Doctrine: What Christians Should Believe

Doctrine: What Christians Should Believe

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by Mark Driscoll
     
 

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Doctrine is the word Christians use to define the truth-claims revealed in Holy Scripture. Of course there is a multitude of churches, church networks, and denominations, each with their own doctrinal statement with many points of disagreement. But while Christians disagree on a number of doctrines, there are key elements that cannot be denied by anyone

Overview

Doctrine is the word Christians use to define the truth-claims revealed in Holy Scripture. Of course there is a multitude of churches, church networks, and denominations, each with their own doctrinal statement with many points of disagreement. But while Christians disagree on a number of doctrines, there are key elements that cannot be denied by anyone claiming to be a follower of Jesus.

In Doctrine: What Christians Should Believe, Driscoll and Breshears teach thirteen of these key elements. This meaty yet readable overview of basic doctrine will help Christians clarify and articulate their beliefs in accordance with the Bible.

Product Details

ISBN-13:
9781433523113
Publisher:
Crossway
Publication date:
03/18/2010
Sold by:
Barnes & Noble
Format:
NOOK Book
Sales rank:
813,578
File size:
2 MB

What People are saying about this

From the Publisher
“An interesting, clear, practical, biblical, and remarkably insightful guide to the main doctrinal teachings of the whole Bible!”
Wayne Grudem, Research Professor of Theology and Biblical Studies, Phoenix Seminary

"Mark Driscoll and Gerry Breshears have written a remarkably insightful treatment of central biblical teachings, with a few surprising but welcome choices. Doctrine is meaty, well-researched, clearly written, interesting, and refreshing—a rare combination. Those who know that truth matters will relish this book. If you don't know that truth matters you should read it anyway, and enjoy watching your mind and heart change."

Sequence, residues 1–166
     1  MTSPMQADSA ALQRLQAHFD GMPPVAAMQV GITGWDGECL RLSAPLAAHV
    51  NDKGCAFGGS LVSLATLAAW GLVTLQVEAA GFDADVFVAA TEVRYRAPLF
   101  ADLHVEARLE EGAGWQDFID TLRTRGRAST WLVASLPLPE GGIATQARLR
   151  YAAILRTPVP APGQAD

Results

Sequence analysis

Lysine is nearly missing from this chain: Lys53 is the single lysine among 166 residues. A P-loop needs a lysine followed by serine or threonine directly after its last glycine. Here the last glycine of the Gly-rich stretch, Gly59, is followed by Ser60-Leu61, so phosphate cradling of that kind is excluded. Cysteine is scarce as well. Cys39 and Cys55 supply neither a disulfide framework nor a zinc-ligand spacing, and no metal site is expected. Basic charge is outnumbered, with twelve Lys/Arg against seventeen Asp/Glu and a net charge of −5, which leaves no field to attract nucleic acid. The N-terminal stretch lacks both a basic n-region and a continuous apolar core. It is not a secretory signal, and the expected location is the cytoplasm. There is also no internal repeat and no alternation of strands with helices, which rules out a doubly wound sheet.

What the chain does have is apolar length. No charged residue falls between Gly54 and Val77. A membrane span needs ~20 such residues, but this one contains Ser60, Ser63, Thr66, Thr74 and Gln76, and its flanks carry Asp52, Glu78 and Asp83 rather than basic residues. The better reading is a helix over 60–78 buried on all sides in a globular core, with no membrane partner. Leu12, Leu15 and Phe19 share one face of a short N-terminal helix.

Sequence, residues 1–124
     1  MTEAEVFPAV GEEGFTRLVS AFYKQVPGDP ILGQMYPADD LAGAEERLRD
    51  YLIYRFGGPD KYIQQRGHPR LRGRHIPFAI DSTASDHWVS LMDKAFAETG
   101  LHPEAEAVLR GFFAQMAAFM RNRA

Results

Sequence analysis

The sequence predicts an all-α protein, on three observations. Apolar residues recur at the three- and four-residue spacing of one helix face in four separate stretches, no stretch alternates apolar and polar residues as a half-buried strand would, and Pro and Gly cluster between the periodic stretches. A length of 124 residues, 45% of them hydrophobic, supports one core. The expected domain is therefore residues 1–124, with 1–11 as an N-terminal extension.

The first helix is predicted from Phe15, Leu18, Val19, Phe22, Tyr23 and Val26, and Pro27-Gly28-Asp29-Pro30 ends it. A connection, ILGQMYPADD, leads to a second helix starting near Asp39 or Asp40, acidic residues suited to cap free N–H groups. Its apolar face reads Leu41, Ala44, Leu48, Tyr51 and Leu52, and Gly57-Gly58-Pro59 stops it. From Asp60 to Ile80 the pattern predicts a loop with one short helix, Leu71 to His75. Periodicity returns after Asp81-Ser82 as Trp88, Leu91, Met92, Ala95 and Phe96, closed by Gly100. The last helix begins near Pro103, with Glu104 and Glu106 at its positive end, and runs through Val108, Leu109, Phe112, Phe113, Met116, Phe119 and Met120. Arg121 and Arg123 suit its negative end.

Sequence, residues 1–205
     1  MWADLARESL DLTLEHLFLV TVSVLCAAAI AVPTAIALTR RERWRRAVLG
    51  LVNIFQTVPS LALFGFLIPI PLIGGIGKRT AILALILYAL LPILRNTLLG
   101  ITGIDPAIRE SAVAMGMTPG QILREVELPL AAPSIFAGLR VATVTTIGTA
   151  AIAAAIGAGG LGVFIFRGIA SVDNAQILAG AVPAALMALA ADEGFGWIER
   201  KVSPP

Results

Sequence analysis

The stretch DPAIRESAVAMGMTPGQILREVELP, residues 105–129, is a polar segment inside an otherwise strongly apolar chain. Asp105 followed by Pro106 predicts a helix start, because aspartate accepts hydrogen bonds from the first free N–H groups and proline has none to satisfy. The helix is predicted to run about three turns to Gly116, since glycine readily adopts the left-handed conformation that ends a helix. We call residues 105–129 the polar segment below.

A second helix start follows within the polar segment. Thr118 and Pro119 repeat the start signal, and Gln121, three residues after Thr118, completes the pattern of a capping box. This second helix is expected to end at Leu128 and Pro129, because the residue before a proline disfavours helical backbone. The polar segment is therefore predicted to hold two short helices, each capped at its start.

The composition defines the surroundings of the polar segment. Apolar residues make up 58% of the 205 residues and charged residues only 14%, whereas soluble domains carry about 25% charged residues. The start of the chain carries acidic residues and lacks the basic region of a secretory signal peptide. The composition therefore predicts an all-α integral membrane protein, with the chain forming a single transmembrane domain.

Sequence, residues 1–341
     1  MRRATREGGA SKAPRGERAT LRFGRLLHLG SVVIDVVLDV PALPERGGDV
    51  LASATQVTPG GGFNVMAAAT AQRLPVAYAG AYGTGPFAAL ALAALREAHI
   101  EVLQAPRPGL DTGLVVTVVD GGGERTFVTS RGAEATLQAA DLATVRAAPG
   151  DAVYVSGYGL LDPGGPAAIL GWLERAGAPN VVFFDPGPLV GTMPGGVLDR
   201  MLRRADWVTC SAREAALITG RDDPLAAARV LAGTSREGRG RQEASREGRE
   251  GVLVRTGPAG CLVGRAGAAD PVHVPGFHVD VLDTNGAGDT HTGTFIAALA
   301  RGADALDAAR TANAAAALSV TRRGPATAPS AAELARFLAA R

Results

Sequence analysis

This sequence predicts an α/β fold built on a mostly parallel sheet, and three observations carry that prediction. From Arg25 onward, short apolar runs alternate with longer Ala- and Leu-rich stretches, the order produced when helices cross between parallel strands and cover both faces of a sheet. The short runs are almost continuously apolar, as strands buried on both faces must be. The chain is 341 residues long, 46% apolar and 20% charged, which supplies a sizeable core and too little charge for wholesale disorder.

Randy Alcorn, Founder and Director, Eternal Perspective Ministries; author, If God Is Good and Heaven

"Sadly, many Christians think that doctrine is terminally boring and inherently divisive. Driscoll and Breshears blow that stereotype out of the water as they tackle thirteen core doctrines with uncommon grace and penetrating clarity. This addition to my personal library will undoubtedly become well-worn."
Larry Osborne, Pastor, North Coast Church, Vista, California; author, Sticky Church

"This valuable resource will help Christians clearly understand and articulate their beliefs while igniting a deeper love and passion for Christ."
Craig Groeschel, Senior Pastor, LifeChurch.tv; author, WEIRD: Because Normal Isn't Working

"We used the unpublished manuscript of Doctrine as a textbook at ChangePoint. In short, the students loved it! They found it easy to read and very practical. Most are looking forward to buying a copy for their personal libraries. Our church has already benefited from Mark and Gerry's latest effort. Buy the book! Use it with your leaders and watch a deeper understanding of doctrine change their lives."
Dan H. Jarrell, Teaching Pastor, ChangePoint Church, Anchorage, Alaska

"God is raising up a new generation of Christ-followers who long to know him and his missional ways in a theologically-robust manner. This latest book by Driscoll and Breshears is certain to play a major role in forming such doctrinally-sound Christians. Besides covering all the major theological topics, they address deep doctrinal issues in a clear and understandable way. And, as in all their books, they help us grasp what difference these doctrines can and should make in our lives and churches."
Gregg R. Allison, Professor of Christian Theology, The Southern Baptist Theological Seminary

"I like Doctrine very much. It is a relatively short, clear, and accurate topical summary of biblical teachings, focused on the practical application of doctrine. There is much here to aid readers who have thought in the past that theology was too complicated, uninteresting, or irrelevant. This book is none of those things. It takes off on wings of eagles. It is so important today that believers understand and become committed to all that God's Word says. This book is a wonderful tool to help them do that."